Nirvana - J.R. Stewart

I could have sworn I'd posted this review already, but apparently not. Well, I hadn't posted enough late reviews today, anyway...

 

When the real world is emptied of all that you love, how can you keep yourself from dependence on the virtual?
Animal activist and punk rock star Larissa Kenders lives in a dystopian world where the real and the virtual intermingle. After the disappearance of her soulmate, Andrew, Kenders finds solace by escaping to Nirvana, a virtual world controlled by Hexagon. In Nirvana, anyone’s deepest desires may be realized - even visits with Andrew.
Although Kenders knows that this version of Andrew is virtual, when he asks for her assistance revealing Hexagon’s dark secret, she cannot help but comply. Soon after, Kenders and her closest allies find themselves in a battle with Hexagon, the very institution they have been taught to trust. After uncovering much more than she expected, Kenders’ biggest challenge is determining what is real – and what is virtual.
Nirvana is a fast-paced, page-turning young adult novel combining elements of science fiction, mystery, and romance. Part of a trilogy, this book introduces readers to a young woman who refuses to give up on the man she loves, even if it means taking on an entire government to do so. Are you ready to enter Nirvana?

 

This book was a great start for a new author, though there were a few small things that niggled at me.

 

From the get go, I was completely drawn into this world. The action moved really quickly and it was really easy to stay involved in this story. There was a clear plot with tension on all pages.

 

The premise of the book as described by the blurb promised a lot more virtual reality than delivered. In the book, people would shell out half of their weekly paycheque for fifteen minutes in Nirvana, the VR program, which honestly isn't really enough time to have an enveloping experience or to keep the people subdued.

 

I felt like too many things were going. The author had a lot of ideas but didn't manage to focus them down into one concise line. There were a few details I thought could have been explained in much more depth--the importance of the bees, the bubbles in other countries, and even the setting--I didn't realise we were in Ontario until halfway through the book.

 

Kenders honestly was too young. I get that Stewart is going for the YA audience, but Kenders is basically a 24-year-old who is being told she is 17. We should stop lying to Kenders and just admit that she is 24 before she has identity issues. She's known her fiancée for three years, meaning they met when she was 14. Excuse my cynicism, but unless this is a whole book about first love, I'm not going to buy a 17-year-old's undying devotion. There's too much sex for her to be 17. And oh, her fiancée is 26. Sorry, but that's creepy. He had come out of a 5-year-long relationship, so that means Kenders was what, 9 when he was falling in love with the first girl? Eh. These are all generalizations, of course, but as they weren't the focus of the story, I found them a complete distraction.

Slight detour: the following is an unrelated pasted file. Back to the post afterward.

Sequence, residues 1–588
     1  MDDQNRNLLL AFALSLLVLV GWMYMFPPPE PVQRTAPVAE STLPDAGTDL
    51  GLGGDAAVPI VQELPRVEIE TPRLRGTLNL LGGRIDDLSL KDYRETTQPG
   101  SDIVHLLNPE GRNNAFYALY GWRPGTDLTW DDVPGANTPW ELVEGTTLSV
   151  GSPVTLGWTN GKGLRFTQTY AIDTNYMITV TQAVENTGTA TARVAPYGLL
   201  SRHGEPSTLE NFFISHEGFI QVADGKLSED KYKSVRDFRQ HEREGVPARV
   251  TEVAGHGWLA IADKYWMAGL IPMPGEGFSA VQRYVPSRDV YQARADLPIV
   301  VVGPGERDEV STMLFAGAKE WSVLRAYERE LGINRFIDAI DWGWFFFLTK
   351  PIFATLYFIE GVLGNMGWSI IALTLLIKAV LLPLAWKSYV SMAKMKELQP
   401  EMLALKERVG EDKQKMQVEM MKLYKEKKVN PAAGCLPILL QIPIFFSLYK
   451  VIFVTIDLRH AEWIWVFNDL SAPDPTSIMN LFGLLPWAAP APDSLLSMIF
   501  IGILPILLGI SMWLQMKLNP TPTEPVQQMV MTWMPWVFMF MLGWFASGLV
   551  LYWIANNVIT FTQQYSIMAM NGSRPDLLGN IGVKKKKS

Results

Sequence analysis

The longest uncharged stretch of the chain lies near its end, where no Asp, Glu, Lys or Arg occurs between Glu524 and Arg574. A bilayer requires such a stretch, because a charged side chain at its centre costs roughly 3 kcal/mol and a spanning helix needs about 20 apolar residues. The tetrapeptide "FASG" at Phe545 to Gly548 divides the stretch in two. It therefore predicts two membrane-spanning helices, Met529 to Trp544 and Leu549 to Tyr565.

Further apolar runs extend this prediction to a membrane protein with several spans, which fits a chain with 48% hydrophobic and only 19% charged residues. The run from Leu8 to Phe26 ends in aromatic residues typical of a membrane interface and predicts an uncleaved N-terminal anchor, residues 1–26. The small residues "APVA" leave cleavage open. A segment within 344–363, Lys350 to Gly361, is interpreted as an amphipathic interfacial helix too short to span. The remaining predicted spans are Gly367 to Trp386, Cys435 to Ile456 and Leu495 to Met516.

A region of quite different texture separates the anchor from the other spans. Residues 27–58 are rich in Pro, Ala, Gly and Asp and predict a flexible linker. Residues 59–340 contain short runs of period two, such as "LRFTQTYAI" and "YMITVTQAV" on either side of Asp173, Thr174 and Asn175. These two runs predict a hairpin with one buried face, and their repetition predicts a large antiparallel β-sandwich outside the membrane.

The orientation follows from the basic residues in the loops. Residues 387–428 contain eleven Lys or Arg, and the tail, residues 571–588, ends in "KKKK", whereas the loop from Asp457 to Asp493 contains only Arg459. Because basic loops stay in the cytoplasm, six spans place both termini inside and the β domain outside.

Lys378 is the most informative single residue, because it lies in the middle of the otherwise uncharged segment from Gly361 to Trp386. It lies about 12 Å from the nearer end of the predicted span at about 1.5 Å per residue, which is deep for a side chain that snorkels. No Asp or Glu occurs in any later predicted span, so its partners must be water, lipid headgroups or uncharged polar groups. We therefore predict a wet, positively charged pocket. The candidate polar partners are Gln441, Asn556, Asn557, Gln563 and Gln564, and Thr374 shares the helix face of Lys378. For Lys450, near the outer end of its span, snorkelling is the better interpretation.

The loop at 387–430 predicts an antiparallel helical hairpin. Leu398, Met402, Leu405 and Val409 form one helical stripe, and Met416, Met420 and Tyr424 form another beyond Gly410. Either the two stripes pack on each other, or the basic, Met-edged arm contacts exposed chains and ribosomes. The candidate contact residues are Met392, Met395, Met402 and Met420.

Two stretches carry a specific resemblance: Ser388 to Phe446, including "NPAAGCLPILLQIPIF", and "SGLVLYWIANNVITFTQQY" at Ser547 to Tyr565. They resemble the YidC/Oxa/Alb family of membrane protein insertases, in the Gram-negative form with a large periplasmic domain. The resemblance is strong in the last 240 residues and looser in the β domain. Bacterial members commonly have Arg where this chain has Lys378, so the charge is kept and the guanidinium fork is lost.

I also wasn't really clear on how Kenders was being a punk star--if she was only known to people in Nirvana or if she had made a name for herself outside and then been subdued into work. (And if the latter, how had she managed to go to school? And if the former, were they experiencing concerts in their fifteen minute time slots? I'm confused.)

 

There were a couple of characters who also really confused me as I thought they were on different sides. Maybe one was 'deciding' but I felt like it was very convenient to have double agents in high places. Also, Serge is supposedly Kenders's childhood best friend, but she doesn't seem to even remember he exists until he shows up. A little too convenient, in my opinion.

 

The plot in general seemed rather predetermined, and by the end I didn't feel like Kenders was really all that vital to the movement. I was unsure why she really mattered, and why the author was choosing to tell her story out of all these other people.

 

I was a little disappointed by the ending. It was all racing along beautifully, and then the author threw in a curveball that was, in my opinion, unnecessary, as if she had realized that everything had been wrapped up a little too neatly and she wanted to make us read the next book. It was inelegant.

 

A lot of small things bothered me in this book, but on the whole it was a really good book and anyone who enjoys tense thrillers should enjoy this one. I think Stewart has a lot of potential as a storyteller.